Flailing politicians need to grasp the country’s need for a radically new constitutional and architectural settlement, argues Ben Flatman

Ben Flatman

Once a symbol of stability, Westminster is now reduced to a crumbling stage for Britain’s tawdry constitutional farce.

The sight of the literally crumbling Palace of Westminster cloaked in scaffolding is perhaps an appropriate visual metaphor for the UK’s current constitutional mess. This is the backdrop against which TV reports are filmed for news outlets around the globe. Although this assumes that anyone is still watching or cares about Britain’s strange Brexit meltdown. If even our own politicians and journalists cannot explain what is going on, it’s likely that the rest of the world is equally bemused, or uninterested. Like the palace itself, it feels like our unwritten constitution is in urgent need of an overhaul.

The UK has long seen itself as a place of relative political stability. In the 18th and 19th centuries, Britain looked askance as continental Europe experimented with revolution and republicanism. And in the 20th century we saw ourselves as having steered the world away from the twin perils of fascism and communism. Throughout these periods of immense change, the UK’s political system has evolved incrementally, always maintaining the idea of an unbroken link to the past. And Westminster has often been projected as the built embodiment of this continuity.

There is a lot of truth in the continuity narrative, but we shouldn’t forget the major disruptions and calamities along the way. Britain’s constitution has survived because it is elastic and allows for change when confronted by profound shocks. Brexit feels like one of these. And with all its unintended consequences, it requires a far more radical response than we’ve so far seen from either major party. Both Labour and the Conservatives seem paralysed, unable to grasp the enormity or rise to the challenge of what is happening. We need root and branch reforms, not just to how we’re governed but where we’re governed from.

The Leave result has been blamed on many things, including anti-immigrant sentiment. But the elephant in the room is English nationalism and the parlous state of the English regions. Ever since the creation of the Scottish Parliament and Welsh Assembly in 1998, England has been drifting further towards its current sense of victimhood. Although the West Lothian Question has been partially addressed by the English Votes for English Laws reforms, English government remains subsumed and partially hidden within the UK’s zombie parliament.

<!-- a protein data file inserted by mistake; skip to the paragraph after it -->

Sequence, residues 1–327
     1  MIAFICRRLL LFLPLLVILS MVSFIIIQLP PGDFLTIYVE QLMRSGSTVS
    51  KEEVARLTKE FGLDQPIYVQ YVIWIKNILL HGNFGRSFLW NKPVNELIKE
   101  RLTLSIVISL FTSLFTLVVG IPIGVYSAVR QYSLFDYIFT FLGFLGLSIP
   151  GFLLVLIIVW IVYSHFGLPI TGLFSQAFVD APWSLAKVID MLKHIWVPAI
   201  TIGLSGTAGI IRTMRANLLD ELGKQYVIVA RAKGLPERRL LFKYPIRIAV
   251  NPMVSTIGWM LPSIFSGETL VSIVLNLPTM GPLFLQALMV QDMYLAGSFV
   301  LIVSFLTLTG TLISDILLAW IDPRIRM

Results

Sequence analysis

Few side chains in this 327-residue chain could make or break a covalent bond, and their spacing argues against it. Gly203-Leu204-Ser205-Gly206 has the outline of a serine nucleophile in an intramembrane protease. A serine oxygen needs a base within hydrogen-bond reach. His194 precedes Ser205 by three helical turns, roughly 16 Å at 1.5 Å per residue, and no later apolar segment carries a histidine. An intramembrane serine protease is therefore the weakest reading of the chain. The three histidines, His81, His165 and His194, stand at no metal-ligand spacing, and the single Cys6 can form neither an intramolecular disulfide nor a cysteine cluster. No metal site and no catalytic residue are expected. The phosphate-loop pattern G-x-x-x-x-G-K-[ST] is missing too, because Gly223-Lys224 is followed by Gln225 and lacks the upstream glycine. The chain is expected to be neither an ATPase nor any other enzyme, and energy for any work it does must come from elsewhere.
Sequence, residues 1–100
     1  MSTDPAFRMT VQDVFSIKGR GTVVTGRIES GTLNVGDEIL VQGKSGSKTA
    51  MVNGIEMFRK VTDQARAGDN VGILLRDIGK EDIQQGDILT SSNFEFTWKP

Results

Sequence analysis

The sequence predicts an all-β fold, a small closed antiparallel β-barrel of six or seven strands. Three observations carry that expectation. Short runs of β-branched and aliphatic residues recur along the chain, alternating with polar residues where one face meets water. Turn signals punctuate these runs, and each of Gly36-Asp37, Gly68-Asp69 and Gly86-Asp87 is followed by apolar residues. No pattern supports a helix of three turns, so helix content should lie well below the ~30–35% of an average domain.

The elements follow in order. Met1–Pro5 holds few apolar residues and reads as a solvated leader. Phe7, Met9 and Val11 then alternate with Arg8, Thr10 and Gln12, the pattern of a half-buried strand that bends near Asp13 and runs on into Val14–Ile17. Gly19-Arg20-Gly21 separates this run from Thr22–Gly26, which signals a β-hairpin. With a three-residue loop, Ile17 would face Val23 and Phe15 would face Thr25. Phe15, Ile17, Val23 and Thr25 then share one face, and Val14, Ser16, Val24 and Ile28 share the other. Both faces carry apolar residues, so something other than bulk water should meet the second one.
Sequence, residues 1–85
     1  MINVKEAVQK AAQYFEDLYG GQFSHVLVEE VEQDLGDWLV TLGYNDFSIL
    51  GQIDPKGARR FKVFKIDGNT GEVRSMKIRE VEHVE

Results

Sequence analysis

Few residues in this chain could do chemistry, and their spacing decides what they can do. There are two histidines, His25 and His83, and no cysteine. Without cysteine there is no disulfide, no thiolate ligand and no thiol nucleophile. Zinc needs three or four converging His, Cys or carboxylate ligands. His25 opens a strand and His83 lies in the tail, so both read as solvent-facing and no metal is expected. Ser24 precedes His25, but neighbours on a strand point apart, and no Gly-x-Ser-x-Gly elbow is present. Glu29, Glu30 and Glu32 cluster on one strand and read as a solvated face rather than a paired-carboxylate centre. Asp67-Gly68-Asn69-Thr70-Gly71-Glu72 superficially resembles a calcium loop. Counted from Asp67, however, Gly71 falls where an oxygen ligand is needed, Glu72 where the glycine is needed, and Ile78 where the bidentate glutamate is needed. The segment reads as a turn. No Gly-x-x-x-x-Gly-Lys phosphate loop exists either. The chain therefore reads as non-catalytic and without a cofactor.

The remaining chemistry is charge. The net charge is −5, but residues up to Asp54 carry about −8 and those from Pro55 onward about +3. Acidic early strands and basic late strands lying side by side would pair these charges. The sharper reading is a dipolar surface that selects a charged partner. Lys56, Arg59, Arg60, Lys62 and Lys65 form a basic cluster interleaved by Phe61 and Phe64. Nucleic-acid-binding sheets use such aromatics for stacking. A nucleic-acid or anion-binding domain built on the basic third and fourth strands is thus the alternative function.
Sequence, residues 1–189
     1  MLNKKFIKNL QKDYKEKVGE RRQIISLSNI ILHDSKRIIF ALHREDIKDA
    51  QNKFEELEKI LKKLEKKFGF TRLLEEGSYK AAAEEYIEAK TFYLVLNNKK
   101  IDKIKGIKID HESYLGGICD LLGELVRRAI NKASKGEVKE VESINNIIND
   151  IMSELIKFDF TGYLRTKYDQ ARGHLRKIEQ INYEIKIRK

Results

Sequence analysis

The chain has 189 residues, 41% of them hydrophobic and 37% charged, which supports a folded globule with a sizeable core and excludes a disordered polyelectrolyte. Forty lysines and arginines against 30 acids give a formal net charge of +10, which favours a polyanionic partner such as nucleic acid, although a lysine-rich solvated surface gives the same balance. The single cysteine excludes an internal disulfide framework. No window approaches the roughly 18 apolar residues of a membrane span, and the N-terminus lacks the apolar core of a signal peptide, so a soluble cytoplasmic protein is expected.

Nothing about the current arrangements at Westminster really suits any part of the UK. Scotland and Northern Ireland voted by large majorities to stay in the EU. But our imperfect union allows numerically dominant England to steamroller this massive constitutional change over the other nations. At the same time, the profound challenges facing most parts of England outside the south east are consistently ignored. Perversely, Brexit has only exacerbated the problem. Instead of focusing on the real world problems of Blackpool and Dudley, government fantasises about “Global Britain”, military expansionism and the trade opportunities opened up by chlorinated chicken.

When the first Blair government belatedly set about devolving some of Westminster’s centralised power in the late 1990s, it only did half the job. English government was left unreformed and profoundly detached from the people it was supposed to serve. The consequences have been further decline and disillusionment in England’s regions and the rise of English nationalism. This anger is far more to do with how Britain is governed internally, than the red herring of EU membership.

Have Barry’s building and Pugin’s elaborate interiors contributed to this mess? Men like David Cameron and Boris Johnson have spent their entire lives inhabiting architecture like this. If you’ve been educated at Eton College and Oxford, then it’s easy to see how the move to Westminster must feel like part of a seamless transition. All part of the continuum of British history and empire. But it’s a toxic environment in which to carry out 21st-century government, which has bred complacency and stifled real change.

Like many, I understand the emotional appeal of staying put, and maintaining that Westminster continuity. But the system is broken. The politics and economics of England in particular are dysfunctional and dangerously unbalanced. The sense of stability that Westminster once conveyed has become a liability – providing a veneer of business-as-usual normality to a profoundly divided and discontented union.

It’s time to end the charade. For the sake of all parts of the UK, England needs its own parliament. One that is not hidden away behind the last fraying remnants of a long dead and deeply flawed imperial project, but instead highly visible and rooted in the long-neglected England that exists beyond the M25. It could frankly be anywhere outside of London, but our large regional cities would obviously have the strongest claims. Until we get a radically new constitutional and architectural settlement, the deep divisions and massive economic imbalances will just continue to fester.

Perhaps, as Ed Vaizey suggested this week, there are new uses that could be found for Westminster, including turning parts of it into a museum or hotel. However, there is no need to abandon it completely as a place of government. Assuming that the UK survives the current rupture, a British assembly, with a remit confined to foreign policy and trade, could continue to be based there. This much-reduced assembly might even meet in the Commons. After all, the existing, absurdly small chamber can only accommodate two thirds of the current number of MPs. Surely that’s proof we need change.

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